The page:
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You can get through this – there are things you can do to find a way through.

In life, feeling down or miserable sometimes is normal. But if these feelings become painful, we may experience an aching heart, mind, body and spirit. We could have trouble sleeping or a change in appetite. We might withdraw from families and friends, and most significantly, we can lose hope.

This could be depression, especially if it lasts longer than a couple of weeks. 

Depression is very common. It can affect relationships with family and friends and our ability to work or go to school. It can also lead to suicide.

First you need to know that you are not alone. 1 in every 7 Kiwi teens experience depression.

If you’re feeling alone, or too embarrassed or ashamed to be open about it, know that so many other people are in the same boat and struggling through the same stuff.

Aunty Dee says "no one thing causes depression".

Depression usually comes from a combination of things. Firstly, the way you think affects the way you feel. So if your thinking is really negative, your feelings are likely to be negative too. If you feel sad and depressed you are also more likely to think about things in negative ways. This can be a really unhealthy and unhelpful cycle. It can be easy to get stuck in and hard to get out of.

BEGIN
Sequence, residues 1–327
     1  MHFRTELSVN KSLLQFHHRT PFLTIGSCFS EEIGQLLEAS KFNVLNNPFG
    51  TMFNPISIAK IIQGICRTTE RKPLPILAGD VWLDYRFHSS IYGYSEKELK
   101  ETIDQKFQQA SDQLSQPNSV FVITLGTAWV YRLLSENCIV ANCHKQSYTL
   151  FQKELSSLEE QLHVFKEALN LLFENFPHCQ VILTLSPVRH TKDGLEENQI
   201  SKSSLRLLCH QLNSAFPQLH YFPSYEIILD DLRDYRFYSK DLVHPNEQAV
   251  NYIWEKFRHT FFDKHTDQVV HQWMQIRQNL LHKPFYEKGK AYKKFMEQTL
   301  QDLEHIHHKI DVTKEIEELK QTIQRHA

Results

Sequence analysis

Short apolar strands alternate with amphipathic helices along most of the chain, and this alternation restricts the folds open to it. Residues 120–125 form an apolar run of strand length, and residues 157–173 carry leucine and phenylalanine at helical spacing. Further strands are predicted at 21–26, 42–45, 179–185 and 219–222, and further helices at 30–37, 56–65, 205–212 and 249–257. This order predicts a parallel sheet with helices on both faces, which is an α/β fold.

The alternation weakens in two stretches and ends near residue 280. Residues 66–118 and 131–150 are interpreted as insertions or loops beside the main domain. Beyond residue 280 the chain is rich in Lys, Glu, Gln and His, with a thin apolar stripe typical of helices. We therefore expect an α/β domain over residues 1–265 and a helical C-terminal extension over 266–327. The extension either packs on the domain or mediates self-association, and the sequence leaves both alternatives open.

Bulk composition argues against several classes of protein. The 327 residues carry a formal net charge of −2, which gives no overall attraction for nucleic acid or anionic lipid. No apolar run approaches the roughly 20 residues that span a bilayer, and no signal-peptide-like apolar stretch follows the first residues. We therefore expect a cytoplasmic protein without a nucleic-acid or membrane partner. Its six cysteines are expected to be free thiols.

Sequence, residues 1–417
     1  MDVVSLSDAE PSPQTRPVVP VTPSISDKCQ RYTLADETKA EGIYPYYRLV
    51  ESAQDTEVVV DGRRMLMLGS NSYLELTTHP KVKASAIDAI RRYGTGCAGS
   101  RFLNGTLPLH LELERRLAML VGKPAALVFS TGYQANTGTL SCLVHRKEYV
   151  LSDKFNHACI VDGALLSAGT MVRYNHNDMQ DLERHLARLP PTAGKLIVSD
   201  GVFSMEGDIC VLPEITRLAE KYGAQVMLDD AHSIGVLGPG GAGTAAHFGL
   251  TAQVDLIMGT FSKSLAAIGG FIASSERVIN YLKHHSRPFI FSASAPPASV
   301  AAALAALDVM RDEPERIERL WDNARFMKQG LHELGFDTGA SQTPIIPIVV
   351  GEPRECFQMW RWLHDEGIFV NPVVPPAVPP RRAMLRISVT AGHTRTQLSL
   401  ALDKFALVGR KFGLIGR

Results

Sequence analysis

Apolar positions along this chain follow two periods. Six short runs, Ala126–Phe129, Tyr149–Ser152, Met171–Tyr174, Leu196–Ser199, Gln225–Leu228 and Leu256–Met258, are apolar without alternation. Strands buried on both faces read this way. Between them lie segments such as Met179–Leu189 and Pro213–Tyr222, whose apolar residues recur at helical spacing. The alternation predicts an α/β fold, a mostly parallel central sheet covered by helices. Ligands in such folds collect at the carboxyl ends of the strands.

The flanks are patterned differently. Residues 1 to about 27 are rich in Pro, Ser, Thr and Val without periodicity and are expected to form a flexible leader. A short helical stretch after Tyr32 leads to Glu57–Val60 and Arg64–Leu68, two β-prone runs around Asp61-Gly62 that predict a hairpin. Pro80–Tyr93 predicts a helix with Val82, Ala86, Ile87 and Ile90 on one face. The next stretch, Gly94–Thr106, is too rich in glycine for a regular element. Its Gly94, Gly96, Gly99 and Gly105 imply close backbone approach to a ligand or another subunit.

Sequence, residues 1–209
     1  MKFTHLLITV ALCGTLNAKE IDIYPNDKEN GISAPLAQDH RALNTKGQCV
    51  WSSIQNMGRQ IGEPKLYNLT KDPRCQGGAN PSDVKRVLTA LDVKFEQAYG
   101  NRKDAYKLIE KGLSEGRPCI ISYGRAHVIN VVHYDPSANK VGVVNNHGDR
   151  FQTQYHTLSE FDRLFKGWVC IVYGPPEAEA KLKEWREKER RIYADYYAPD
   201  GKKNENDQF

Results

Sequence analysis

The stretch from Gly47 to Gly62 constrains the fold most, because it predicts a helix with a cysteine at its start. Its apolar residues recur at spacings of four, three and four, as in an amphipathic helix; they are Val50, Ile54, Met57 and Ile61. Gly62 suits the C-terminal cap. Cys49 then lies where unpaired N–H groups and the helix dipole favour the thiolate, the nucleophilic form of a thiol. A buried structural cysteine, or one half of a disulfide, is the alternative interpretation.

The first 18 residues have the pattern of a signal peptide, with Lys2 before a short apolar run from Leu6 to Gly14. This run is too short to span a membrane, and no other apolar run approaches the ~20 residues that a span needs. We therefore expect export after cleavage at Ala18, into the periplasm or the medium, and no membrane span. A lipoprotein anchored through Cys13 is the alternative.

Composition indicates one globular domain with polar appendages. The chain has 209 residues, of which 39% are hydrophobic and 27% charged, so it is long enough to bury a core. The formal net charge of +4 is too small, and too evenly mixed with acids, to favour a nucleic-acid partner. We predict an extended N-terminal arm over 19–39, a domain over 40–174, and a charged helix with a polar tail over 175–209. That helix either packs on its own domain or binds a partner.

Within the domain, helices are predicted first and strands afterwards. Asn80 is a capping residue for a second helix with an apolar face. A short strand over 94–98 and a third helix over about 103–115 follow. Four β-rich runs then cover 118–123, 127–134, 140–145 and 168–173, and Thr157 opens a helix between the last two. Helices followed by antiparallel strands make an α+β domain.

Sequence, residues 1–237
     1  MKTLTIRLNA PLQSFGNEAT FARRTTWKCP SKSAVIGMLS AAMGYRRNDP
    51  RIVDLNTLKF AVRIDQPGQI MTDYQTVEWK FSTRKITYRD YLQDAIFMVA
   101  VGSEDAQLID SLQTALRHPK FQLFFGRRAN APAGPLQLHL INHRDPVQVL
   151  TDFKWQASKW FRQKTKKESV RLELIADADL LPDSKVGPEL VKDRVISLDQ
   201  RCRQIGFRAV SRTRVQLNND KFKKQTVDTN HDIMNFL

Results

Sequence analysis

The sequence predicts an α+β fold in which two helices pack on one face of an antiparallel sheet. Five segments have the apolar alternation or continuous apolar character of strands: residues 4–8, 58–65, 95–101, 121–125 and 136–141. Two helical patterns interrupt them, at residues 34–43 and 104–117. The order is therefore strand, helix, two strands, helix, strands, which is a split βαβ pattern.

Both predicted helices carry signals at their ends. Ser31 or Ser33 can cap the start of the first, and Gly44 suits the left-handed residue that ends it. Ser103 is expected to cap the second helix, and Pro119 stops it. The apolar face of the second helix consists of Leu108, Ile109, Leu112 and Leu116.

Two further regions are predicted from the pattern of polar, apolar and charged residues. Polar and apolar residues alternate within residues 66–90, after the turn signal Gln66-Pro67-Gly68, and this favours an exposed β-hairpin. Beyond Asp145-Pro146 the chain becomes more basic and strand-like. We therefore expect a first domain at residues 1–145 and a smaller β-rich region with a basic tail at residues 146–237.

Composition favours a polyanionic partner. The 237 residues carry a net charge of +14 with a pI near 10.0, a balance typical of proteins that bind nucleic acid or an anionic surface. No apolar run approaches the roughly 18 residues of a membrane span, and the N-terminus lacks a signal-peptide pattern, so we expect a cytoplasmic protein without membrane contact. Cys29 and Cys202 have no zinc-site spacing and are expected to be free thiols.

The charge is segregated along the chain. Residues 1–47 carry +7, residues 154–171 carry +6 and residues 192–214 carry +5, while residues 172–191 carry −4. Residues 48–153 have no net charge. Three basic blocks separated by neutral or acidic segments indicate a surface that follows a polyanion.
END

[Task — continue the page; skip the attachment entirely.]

There can be a specific event that triggers depression. This could be a break-up with your GF or BF. It can be losing your job, having to go to court, and other things that are tough to face.  
Alongside tough life events, there are some personal factors that can actually make those harder to deal with. For example, depression can run in your family or you can suffer from pain or have another illness.  

Finally, there are some lifestyle things – these are things you do normally as part of your life – such as drinking a lot, or having sleeping problems that can add up to being vulnerable to depression. In the table below there are some common examples of ‘life events’, ‘personal factors’ and ‘lifestyle’ that can make a combo of stuff we know are linked to depression:

Life events   

  • loss of a loved one
  • relationship breakup
  • being bullied
  • living in an abusive environment or family violence
  • history of trauma or abuse